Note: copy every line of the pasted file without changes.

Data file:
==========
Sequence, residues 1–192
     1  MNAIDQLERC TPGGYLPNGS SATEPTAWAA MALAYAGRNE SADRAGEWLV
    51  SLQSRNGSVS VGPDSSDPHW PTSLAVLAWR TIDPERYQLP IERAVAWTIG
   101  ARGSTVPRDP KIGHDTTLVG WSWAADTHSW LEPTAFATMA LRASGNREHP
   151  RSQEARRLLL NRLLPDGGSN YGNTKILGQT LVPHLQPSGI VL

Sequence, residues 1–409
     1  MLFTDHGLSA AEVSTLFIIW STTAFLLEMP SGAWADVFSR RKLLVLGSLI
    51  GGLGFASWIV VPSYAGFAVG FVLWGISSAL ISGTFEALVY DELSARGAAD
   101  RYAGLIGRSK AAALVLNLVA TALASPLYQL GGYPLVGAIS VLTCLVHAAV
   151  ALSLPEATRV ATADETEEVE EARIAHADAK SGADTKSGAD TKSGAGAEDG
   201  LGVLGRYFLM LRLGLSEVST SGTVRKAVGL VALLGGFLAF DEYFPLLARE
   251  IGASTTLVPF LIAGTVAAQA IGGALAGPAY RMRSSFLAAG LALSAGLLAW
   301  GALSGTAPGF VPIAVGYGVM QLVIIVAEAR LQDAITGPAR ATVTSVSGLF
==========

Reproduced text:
Sequence, residues 1–192
     1  MNAIDQLERC TPGGYLPNGS SATEPTAWAA MALAYAGRNE SADRAGEWLV
    51  SLQSRNGSVS VGPDSSDPHW PTSLAVLAWR TIDPERYQLP IERAVAWTIG
   101  ARGSTVPRDP KIGHDTTLVG WSWAADTHSW LEPTAFATMA LRASGNREHP
   151  RSQEARRLLL NRLLPDGGSN YGNTKILGQT LVPHLQPSGI VL

Sequence, residues 1–409
     1  MLFTDHGLSA AEVSTLFIIW STTAFLLEMP SGAWADVFSR RKLLVLGSLI
    51  GGLGFASWIV VPSYAGFAVG FVLWGISSAL ISGTFEALVY DELSARGAAD
   101  RYAGLIGRSK AAALVLNLVA TALASPLYQL GGYPLVGAIS VLTCLVHAAV
   151  ALSLPEATRV ATADETEEVE EARIAHADAK SGADTKSGAD TKSGAGAEDG
   201  LGVLGRYFLM LRLGLSEVST SGTVRKAVGL VALLGGFLAF DEYFPLLARE
   251  IGASTTLVPF LIAGTVAAQA IGGALAGPAY RMRSSFLAAG LALSAGLLAW
   301  GALSGTAPGF VPIAVGYGVM QLVIIVAEAR LQDAITGPAR ATVTSVSGLF